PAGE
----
Knowing what triggers the seizures can help to prevent them, so it is worth keeping a diary that might pinpoint certain triggers.
There are several anti-epileptic medicines that can be taken to reduce or even stop seizures altogether.
Surgery is an option for some individuals as well. However, only a small proportion of individuals are eligible for surgery. In particular, those with treatment-resistant epilepsy are often not suitable candidates.
For those not suitable for a surgical resection, the implantation of a neurostimulation device might be appropriate.
For others, a ketogenic diet might prove successful, particularly in those with an underlying metabolic disorder causing their epilepsy. However, some people do find a ketogenic diet difficult to adhere to.
The specialist and patient will work together to decide on the best treatment plan.
Research into the effect of medicinal cannabis on epilepsy is limited. However, following the legalisation of cannabis for medical purposes in 2018, there has been a rise in people looking towards medical cannabis. When first-line therapies have not proved effective at reducing symptoms, medical cannabis may be considered an option for epilepsy.
For further information and to find out more about medical cannabis, click here to discover more about our award-winning Sapphire Access Scheme. Alternatively, complete an eligibility assessment now. Once complete, one of our clinicians will review your application and advise whether you are eligible for progression to an appointment.
Tuberous Sclerosis Complex is a rare genetic disorder which causes the development of benign tumours. The most common symptom of the condition is epilepsy, however, affecting 90% of those with tuberous sclerosis complex. The condition can severely affect the quality of life of sufferers and those who care for them alike. In January 2023, it was confirmed that the NHS will be able to prescribe a cannabidiol preparation called Epidyolex® to those living with TSC with ‘clinical trials showing that when used alongside standard patient care such as typical antiseizure medications, Epidyolex® reduces the frequency of seizures by almost a third (30%), increasing the number of days patients can go without a seizure compared with placebo, and lowering the risk of sudden death.’ (source: https://www.england.nhs.uk/2023/01/nhs-to-offer-licensed-cannabis-based-medicine-to-treat-rare-genetic-condition/).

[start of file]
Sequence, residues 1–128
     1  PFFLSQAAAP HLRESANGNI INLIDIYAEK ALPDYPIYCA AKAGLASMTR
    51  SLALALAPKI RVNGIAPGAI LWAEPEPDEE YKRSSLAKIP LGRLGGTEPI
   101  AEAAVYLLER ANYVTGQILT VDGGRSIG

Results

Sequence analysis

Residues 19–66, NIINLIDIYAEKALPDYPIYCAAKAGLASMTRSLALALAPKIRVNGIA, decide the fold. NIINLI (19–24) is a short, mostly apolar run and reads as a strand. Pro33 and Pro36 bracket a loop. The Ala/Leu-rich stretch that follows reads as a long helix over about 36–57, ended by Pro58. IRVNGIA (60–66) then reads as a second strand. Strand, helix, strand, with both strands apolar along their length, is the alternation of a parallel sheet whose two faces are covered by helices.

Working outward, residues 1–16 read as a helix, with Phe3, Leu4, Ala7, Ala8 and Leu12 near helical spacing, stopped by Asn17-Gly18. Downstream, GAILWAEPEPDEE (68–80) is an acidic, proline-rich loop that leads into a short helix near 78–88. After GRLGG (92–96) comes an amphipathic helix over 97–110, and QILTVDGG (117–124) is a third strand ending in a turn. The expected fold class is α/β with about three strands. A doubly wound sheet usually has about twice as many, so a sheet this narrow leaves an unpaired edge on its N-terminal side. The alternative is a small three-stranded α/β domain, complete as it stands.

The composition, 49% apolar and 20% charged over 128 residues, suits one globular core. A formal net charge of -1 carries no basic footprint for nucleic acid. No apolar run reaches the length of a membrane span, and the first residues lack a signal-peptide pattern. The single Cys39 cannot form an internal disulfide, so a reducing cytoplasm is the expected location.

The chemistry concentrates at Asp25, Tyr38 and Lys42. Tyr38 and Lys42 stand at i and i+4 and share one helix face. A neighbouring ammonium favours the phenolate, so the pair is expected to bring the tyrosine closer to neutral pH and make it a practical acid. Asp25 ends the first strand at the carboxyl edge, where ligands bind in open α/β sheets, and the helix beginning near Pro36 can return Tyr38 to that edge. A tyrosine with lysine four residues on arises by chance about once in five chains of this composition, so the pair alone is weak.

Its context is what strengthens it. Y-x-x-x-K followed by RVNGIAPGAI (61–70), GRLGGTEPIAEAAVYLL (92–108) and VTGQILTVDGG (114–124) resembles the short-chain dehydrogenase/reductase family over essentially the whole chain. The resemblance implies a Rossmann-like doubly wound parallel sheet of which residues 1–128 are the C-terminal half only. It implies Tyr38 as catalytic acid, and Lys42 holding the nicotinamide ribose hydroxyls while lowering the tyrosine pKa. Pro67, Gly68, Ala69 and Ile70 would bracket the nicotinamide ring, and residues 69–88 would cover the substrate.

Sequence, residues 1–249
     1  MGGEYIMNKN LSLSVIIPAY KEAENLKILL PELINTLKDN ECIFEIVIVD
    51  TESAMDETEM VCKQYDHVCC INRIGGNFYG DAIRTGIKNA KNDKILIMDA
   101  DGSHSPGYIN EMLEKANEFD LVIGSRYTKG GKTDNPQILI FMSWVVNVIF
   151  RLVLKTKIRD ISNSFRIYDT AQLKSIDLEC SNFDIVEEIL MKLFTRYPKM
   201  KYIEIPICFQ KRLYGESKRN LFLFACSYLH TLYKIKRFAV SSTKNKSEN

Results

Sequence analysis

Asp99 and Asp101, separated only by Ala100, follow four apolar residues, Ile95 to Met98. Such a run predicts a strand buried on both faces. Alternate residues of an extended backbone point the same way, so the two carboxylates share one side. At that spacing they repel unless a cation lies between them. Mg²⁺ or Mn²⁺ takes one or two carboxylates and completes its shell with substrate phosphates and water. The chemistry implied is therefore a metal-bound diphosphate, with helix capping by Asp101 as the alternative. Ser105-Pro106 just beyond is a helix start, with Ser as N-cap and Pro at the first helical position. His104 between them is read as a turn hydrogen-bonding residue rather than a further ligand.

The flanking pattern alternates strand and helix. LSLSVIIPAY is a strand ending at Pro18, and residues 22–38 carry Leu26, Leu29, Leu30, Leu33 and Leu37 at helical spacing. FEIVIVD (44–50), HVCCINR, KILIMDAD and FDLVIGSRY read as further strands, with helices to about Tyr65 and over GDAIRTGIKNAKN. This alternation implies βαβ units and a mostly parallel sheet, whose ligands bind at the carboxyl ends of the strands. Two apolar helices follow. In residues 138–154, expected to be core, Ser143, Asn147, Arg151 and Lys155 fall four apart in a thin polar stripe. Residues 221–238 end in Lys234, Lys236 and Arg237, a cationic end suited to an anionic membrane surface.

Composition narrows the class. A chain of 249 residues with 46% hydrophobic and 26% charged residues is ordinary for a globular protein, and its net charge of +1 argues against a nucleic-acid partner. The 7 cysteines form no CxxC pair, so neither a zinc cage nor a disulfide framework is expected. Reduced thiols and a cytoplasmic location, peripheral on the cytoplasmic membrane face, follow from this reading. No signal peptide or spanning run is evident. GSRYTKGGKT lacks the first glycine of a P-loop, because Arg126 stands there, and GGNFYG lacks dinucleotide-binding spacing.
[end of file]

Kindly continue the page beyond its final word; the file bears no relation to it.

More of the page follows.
Fewer and less severe seizures with higher levels of predictability give patients and families the confidence to leave the house and enjoy normal social and leisure activities, as well as attend school and other educational or work environments.
Most people with epilepsy can live a normal life once a suitable treatment plan has been implemented. Testing, medicines, and precise surgical procedures to prevent seizures are constantly evolving and have greatly improved the lives of those with epilepsy. It is important to know that people with epilepsy who drive should inform the DVLA of their condition and how it affects them to decide if they are safe to use their vehicle.
The cause of epilepsy varies between individuals. For some individuals, there is no identifiable cause, whereas others may be due to structural brain changes or changes to channels that regulate the firing of neurons in the brain. Damage to the brain can cause the condition to develop, common causes include:
For others, it may be genetic.
The seizures associated with epilepsy vary in severity and frequency. For some, epilepsy is a life-changing condition that severely impacts their quality of life and can be life-limiting in rare cases. For others, the seizures are easier to manage and control using preventative medication or lifestyle changes.
Yes. Epilepsy is considered a disability in the UK under the Equality Act 2010. Not all who have epilepsy will consider themselves disabled, however. The severity and frequency of the seizures, and the impact they have on a person’s life will likely determine how they view their condition.
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Eligible patients can provide us with their healthcare records or we can obtain these through your GP. This is to confirm that a patient’s condition has been fully assessed and all other treatment options have been attempted. We will ensure that the primary care provider receives all treatment communication to maintain the highest level of clinical governance.